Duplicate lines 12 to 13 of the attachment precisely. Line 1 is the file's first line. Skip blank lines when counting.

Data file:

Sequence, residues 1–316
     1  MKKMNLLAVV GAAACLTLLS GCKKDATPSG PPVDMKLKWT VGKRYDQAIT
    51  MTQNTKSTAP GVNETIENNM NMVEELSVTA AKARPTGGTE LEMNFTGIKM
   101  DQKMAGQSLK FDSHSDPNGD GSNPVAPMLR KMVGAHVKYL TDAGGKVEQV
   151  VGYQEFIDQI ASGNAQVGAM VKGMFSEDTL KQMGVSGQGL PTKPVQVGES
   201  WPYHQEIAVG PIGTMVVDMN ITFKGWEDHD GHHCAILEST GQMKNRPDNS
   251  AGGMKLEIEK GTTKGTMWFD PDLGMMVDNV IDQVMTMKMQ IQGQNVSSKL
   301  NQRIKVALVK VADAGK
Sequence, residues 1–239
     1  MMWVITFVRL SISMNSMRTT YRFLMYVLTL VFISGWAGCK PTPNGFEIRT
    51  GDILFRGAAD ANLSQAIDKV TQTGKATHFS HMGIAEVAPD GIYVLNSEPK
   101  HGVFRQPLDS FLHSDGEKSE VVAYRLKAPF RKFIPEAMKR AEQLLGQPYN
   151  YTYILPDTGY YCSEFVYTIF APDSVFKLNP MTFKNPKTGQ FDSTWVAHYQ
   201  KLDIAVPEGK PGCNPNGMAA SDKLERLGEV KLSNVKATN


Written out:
   101  HGVFRQPLDS FLHSDGEKSE VVAYRLKAPF RKFIPEAMKR AEQLLGQPYN
   151  YTYILPDTGY YCSEFVYTIF APDSVFKLNP MTFKNPKTGQ FDSTWVAHYQ